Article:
• Sir Arthur Conan Doyle, surgeon and writer of Sherlock Holmes fame
  • Alfred Russell Wallace, co-discoverer along with Charles Darwin of the concept of Natural Selection
  • Meriwether Lewis, explorer
  • Henry Morton Stanley and Dr. David Livingstone, famed explorers
  • Jefferson Davis, Politician and Provisional President of the Confederate States of America
  • Lucretia Garfield, first lady to President Garfield
  • George B. McClellan, Civil war general
  • Ho Chi Minh, Vietnam revolutionary leader
  • Jesse James
  • General John J. Pershing
  • Mahatma Gandhi, Father of Indian nation
  • Ernest Hemingway, celebrated author
  • Lord Horatio Nelson
  • Leon Trotsky
  • Eugene O’Neill, Playwrite
  • Sir Harry Secombe
  • Ross Kemp (Former East Enders star)
  • Santa Teresa de Jesús
  • Hernán Cortés
  • Don Adams (Actor and director)
  • Errol Flynn (Actor)
  • Peta Wilson (Actress)
  • Carol Landis (Actress)
  • Raymond Burr (Actor)
  • Audie Murphy (Actor and war hero)
  • Michael Caine (Actor)
  • Christopher Lee (Actor)
  • Michael Dudikoff (Actor)
  • Jeremy Piven (Actor)
  • Al Jolson
  • Jane Goodall, naturalist
  • Davy Crockett, outdoorsman and congressman
  • Steve Reeves (Body builder)
  • Chris Matthews (MSNBCs Hardball)
  • Anderson Cooper (Former ABC news correspondent)
  • Roberto Clemente (Baseball player)
  • history-victims3Wilson Kipeter (800m champion)
  • Yakubu Aiyegbeni (Soccer star)
  • Dikembe Mutombo (Star center for the New Jersey Nets)
  • Ezekiel Kemboi (Olympic 3000m steeplechase champion of Kenya)
  • Mother Teresa was hospitalized with malaria in 1993
  • Leander Paes, Indian tennis star

and many others…..

Some NEW victims of malaria:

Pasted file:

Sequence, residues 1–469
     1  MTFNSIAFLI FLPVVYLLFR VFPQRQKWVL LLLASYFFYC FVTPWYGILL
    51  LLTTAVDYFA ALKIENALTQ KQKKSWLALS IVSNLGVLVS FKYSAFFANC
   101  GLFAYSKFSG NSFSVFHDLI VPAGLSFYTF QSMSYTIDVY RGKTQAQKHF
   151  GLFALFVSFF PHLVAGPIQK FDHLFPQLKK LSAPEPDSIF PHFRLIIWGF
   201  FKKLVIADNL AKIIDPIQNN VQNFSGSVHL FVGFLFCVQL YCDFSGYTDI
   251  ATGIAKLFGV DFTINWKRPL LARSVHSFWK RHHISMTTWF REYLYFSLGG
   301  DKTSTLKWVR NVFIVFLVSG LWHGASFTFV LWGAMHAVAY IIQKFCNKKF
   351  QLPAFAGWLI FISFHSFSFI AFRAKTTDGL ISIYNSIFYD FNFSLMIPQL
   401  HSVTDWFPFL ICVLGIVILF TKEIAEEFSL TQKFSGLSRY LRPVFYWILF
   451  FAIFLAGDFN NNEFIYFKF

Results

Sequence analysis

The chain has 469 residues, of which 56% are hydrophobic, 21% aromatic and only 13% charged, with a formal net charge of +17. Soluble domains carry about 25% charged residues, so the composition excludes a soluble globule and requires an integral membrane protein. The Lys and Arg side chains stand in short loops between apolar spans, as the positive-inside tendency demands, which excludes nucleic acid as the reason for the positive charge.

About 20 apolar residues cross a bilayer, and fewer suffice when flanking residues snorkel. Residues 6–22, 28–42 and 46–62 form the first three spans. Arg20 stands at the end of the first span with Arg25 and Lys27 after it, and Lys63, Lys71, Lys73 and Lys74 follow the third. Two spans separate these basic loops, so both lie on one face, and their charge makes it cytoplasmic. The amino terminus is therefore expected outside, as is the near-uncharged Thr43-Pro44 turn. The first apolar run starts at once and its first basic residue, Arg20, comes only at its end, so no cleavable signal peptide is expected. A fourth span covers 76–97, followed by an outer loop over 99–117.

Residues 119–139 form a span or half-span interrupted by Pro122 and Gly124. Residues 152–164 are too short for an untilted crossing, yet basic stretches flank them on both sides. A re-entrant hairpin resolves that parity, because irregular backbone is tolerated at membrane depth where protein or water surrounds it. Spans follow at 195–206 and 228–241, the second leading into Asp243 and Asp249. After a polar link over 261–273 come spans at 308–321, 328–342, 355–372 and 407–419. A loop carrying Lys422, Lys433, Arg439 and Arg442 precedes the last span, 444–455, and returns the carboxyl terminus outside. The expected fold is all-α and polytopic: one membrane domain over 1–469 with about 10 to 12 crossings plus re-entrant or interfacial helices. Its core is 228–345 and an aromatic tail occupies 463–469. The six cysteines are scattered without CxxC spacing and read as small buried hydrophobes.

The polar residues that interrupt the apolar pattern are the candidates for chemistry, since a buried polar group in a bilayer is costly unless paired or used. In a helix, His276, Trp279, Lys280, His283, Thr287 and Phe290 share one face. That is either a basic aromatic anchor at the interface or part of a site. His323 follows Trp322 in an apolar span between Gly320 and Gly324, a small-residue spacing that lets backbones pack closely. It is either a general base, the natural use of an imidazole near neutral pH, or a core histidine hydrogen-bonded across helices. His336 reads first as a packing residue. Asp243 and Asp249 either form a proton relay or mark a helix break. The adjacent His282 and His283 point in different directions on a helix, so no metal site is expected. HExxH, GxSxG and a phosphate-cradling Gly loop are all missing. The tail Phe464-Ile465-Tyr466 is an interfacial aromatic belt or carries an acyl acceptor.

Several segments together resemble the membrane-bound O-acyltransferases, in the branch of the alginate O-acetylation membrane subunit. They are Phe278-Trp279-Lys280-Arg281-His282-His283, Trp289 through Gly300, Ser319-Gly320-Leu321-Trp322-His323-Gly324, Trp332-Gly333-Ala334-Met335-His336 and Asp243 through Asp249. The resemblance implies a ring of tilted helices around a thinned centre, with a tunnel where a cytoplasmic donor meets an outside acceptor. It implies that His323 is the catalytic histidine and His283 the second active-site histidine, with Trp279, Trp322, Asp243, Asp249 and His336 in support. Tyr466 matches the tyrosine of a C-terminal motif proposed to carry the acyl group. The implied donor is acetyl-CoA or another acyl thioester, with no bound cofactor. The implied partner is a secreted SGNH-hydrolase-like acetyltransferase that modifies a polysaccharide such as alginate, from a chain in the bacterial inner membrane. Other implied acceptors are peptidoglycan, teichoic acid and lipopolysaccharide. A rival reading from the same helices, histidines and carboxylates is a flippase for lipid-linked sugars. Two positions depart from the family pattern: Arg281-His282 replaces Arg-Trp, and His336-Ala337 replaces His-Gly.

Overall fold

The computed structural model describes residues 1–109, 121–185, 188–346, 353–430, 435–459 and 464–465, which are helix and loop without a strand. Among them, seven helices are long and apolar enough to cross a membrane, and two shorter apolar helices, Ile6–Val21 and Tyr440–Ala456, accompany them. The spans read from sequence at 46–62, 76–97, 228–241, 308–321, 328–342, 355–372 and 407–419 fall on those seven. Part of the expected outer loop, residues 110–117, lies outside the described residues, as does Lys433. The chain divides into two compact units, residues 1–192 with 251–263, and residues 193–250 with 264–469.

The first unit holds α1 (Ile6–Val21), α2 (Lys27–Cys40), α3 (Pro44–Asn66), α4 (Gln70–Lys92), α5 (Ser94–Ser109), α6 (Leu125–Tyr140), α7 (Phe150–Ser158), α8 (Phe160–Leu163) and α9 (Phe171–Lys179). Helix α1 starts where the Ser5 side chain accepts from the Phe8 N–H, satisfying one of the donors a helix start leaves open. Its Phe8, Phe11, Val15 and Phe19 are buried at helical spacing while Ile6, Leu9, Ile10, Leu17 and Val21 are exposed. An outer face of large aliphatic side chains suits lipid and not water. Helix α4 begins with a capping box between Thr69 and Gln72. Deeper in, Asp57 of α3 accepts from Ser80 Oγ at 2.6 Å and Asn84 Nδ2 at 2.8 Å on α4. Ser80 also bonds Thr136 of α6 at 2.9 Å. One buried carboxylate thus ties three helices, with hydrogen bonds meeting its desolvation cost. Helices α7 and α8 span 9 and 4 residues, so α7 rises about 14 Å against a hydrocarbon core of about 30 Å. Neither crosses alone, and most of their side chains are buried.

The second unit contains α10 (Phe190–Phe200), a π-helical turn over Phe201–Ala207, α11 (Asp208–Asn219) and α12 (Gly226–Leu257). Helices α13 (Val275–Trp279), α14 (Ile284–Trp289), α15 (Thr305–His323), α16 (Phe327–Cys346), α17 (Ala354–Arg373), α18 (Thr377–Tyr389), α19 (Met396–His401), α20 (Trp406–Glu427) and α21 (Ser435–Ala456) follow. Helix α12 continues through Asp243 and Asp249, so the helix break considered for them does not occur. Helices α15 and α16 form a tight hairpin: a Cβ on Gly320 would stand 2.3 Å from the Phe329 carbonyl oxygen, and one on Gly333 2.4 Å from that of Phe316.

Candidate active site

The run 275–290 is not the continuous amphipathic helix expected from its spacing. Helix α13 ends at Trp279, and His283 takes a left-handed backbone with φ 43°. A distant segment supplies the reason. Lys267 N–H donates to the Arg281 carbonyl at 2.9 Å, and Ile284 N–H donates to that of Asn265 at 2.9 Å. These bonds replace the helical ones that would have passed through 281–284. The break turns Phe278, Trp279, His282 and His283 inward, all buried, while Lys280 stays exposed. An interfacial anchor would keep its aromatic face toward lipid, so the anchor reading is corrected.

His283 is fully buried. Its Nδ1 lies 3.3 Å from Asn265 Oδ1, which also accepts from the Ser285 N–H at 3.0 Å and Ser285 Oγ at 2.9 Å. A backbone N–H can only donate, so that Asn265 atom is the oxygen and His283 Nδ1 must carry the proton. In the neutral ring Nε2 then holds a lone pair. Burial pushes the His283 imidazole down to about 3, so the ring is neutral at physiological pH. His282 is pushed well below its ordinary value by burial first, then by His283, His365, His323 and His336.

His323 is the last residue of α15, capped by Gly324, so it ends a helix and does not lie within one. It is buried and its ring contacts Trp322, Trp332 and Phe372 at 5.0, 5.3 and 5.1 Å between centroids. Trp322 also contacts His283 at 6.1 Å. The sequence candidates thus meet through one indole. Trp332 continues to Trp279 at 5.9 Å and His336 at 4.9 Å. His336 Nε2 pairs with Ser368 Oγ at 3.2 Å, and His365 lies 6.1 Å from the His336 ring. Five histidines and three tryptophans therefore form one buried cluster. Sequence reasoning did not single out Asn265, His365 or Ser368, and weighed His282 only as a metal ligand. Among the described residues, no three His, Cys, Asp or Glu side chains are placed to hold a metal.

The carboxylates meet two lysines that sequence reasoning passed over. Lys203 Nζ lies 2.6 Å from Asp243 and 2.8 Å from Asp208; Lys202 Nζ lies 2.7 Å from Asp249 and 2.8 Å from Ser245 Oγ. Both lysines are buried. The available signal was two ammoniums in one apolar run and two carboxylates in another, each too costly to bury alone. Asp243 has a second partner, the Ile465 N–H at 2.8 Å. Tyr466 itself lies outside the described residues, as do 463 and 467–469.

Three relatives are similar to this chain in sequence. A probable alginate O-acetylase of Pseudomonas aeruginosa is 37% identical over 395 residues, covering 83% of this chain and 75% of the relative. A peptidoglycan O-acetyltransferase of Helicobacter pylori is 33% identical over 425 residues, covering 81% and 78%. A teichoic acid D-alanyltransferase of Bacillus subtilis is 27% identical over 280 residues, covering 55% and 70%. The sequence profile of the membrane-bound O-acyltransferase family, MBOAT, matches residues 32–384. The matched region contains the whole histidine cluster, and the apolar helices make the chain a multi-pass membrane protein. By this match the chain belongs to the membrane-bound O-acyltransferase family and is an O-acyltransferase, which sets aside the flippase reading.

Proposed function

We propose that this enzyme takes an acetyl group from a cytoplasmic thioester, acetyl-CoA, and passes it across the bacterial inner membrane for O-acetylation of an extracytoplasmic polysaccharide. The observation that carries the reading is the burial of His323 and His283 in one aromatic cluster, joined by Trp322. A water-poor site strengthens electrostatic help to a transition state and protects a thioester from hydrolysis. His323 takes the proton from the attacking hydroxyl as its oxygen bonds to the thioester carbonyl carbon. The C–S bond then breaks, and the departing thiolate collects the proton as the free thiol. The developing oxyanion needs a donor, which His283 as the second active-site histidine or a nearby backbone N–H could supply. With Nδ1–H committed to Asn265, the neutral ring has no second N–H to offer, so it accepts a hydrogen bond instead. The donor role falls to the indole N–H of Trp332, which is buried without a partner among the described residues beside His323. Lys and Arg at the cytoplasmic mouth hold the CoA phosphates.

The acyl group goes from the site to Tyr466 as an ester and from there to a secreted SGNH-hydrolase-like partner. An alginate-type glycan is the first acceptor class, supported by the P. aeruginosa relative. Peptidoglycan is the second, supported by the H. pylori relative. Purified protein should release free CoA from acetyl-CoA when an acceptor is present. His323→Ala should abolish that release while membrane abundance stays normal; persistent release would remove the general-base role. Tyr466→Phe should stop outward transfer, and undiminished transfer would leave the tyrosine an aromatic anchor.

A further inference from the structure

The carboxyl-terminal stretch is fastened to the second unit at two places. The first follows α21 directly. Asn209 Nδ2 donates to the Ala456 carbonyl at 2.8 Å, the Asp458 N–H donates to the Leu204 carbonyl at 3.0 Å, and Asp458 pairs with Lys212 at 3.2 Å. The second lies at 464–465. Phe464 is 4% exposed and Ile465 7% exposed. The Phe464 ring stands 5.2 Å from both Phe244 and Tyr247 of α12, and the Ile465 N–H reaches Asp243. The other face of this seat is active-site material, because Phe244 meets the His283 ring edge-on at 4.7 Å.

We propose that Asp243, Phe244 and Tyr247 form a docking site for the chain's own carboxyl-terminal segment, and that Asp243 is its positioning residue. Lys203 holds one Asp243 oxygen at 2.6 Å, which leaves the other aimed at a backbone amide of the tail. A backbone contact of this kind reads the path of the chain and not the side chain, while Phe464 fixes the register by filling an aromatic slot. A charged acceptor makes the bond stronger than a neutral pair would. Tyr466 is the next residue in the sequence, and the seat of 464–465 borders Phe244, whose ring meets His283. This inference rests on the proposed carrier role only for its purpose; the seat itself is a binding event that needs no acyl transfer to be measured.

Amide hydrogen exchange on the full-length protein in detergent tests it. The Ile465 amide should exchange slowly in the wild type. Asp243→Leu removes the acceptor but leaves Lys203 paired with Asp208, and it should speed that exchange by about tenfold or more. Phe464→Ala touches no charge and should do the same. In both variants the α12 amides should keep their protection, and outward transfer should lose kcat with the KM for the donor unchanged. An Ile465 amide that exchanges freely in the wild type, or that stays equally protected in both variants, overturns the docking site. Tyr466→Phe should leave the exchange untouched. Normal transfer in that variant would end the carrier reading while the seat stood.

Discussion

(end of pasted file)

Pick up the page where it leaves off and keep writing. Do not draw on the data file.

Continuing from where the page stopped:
• Didier Zokora, the Ivory Coast international playing for Tottenham had a mild bout of malaria in Oct 2006 [See]
  • Paul Smith, aged 30, a British oil worker kidnapped by gunmen in Nigeria died of malaria while still a hostage held in mosquito infested swamps. Paul and colleagues were snatched on October 3, 2006 inside the Exxon Mobil residential compound in Eket [See]
  • DR Congo’s Lomana Lua Lua was struck down by malaria while on international duty in September 2005 [See]

Sources:

©malariasite.com ©BS Kakkilaya | Last Updated: June 7, 2016

Tagged , , , , , , , , . Bookmark the permalink.

5 Responses to Malaria in Wars and Victims

  1. Pingback: Volunteers Who Say 'Bite Me' Are Helping To Win The War Vs. Mosquitoes – AKANews – Featured Articles

  2. Pingback: Volunteers Who Say ‘Bite Me’ Are Helping To Win The War Vs. Mosquitoes | NewsB2

  3. Pingback: Volunteers Who Say ‘Bite Me’ Are Helping To Win The War Vs. Mosquitoes – All About Zika Virus

  4. Kathy Siegel says:

    I’m doing research on immunity and malaria and recurrence rates. Any help you can give will be appreciated. Thanks

  5. cs:go says:

    thank so a lota lot for your website it helps a great deal

Leave a Reply

Your email address will not be published. Required fields are marked *